For one who has conquered the mind, the mind is the best of friends; but for one who has failed to do so, his very mind will be his greatest enemy
-Bhagavad Gita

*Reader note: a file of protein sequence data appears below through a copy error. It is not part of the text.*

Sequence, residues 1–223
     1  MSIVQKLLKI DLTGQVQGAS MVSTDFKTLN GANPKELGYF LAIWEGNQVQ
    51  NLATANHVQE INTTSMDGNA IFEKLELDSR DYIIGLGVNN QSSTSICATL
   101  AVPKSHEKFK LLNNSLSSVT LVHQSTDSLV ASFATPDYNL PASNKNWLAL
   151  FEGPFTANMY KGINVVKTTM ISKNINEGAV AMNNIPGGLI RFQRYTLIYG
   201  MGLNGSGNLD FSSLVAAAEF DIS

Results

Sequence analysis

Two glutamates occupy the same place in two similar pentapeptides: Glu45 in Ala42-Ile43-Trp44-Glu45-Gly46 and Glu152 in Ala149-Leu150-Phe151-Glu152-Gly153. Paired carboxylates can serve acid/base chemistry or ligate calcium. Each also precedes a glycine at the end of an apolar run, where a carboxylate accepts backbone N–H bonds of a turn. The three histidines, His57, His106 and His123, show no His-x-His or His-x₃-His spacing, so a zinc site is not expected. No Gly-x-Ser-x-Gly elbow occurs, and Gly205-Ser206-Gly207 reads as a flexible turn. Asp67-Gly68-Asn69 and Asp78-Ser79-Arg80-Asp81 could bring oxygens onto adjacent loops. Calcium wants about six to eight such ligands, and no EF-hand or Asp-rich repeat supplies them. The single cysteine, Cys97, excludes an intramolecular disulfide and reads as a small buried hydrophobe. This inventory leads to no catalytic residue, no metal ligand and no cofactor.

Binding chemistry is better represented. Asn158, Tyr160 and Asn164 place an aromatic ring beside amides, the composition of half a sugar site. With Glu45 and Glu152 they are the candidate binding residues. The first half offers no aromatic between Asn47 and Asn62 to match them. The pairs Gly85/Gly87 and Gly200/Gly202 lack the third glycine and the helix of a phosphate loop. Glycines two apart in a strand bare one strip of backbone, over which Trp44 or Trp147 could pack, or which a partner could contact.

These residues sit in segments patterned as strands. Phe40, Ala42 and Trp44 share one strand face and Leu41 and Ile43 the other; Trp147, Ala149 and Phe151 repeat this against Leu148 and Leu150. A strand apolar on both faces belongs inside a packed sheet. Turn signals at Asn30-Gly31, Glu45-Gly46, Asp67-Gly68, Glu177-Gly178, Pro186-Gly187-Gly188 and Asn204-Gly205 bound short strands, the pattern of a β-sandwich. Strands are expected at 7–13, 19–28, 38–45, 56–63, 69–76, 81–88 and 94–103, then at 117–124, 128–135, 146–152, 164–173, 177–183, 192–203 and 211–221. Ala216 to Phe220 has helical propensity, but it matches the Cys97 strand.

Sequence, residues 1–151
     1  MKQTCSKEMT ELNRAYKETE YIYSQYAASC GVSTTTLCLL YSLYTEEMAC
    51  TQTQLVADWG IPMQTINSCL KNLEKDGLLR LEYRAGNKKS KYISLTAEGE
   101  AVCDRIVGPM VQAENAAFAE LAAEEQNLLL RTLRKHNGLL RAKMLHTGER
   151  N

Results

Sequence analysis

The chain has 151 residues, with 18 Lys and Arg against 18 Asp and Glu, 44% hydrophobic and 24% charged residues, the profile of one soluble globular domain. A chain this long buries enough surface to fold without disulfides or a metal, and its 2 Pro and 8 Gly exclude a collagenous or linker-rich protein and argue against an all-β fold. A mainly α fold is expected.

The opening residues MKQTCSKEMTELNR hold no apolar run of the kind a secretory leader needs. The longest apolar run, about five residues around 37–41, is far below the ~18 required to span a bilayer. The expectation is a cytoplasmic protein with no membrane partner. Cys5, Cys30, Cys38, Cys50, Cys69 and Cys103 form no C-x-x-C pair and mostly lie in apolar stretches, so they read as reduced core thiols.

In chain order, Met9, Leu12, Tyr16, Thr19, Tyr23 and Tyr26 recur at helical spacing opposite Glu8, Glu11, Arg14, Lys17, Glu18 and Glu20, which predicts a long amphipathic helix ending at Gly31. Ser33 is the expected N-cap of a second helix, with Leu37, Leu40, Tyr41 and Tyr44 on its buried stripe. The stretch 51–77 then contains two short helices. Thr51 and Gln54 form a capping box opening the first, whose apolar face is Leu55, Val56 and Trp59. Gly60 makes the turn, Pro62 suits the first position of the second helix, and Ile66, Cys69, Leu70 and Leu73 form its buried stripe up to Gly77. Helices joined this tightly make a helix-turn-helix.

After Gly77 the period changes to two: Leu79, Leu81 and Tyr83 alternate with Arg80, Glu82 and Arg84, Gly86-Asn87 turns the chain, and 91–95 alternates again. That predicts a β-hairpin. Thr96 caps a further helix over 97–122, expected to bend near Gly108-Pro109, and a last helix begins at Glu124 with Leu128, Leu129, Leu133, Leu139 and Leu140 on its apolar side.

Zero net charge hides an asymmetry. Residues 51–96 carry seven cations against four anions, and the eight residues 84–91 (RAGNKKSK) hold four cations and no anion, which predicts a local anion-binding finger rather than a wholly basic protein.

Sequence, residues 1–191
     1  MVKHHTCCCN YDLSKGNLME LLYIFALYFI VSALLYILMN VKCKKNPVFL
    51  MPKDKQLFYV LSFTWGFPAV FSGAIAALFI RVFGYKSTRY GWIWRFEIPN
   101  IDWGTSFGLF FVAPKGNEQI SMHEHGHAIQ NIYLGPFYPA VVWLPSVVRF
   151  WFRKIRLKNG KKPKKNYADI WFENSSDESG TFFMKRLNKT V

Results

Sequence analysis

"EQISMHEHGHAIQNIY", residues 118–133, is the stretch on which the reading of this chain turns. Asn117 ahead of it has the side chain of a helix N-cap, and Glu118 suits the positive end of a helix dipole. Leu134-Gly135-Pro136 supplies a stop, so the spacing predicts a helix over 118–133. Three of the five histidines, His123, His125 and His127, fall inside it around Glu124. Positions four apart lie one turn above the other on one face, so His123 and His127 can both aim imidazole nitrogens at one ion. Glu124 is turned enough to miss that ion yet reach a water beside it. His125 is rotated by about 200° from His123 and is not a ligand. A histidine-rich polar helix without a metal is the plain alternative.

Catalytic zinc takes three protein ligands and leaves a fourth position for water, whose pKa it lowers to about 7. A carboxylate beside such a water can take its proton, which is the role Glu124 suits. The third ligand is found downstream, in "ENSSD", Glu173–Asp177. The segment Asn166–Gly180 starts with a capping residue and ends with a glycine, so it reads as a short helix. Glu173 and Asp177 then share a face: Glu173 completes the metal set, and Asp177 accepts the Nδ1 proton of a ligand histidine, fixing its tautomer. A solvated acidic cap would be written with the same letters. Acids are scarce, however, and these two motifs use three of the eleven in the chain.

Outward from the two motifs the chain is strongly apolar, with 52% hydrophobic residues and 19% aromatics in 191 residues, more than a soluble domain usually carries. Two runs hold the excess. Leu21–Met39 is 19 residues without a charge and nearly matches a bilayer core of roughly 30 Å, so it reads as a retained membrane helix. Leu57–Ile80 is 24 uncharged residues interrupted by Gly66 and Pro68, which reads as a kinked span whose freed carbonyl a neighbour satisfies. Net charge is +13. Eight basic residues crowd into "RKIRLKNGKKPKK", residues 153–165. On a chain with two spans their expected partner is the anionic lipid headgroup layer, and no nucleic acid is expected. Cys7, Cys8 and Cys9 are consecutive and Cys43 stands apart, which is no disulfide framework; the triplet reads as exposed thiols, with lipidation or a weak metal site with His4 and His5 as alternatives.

One way of describing the underlying motivations that drive addiction is as an attempt at mind control. There is a level at which addictions attempt to create and maintain a mind-set—an experience of the mind—that is somehow more acceptable than the one without them. Our addictions are an attempt to build a dependable and predictable experience of consciousness. But as today’s quotation suggests, this is putting the cart before the horse. If we hope to challenge our addictions, it is important to befriend the mind and to become aware of the conditioned patterns getting in the way of its comfortable expression. When we can let go of our addictions for a while, we give ourselves the emotional space to get into our minds instead of trying desperately to get out of  them. Through this lens we may look at the process of recovery as the process of actually changing our minds. If we do not successfully change our minds in this way, then the best we may hope for is a form of painful abstinence. In this way, recovery can provide us the precious experience of transforming our mind from enemy to friend.

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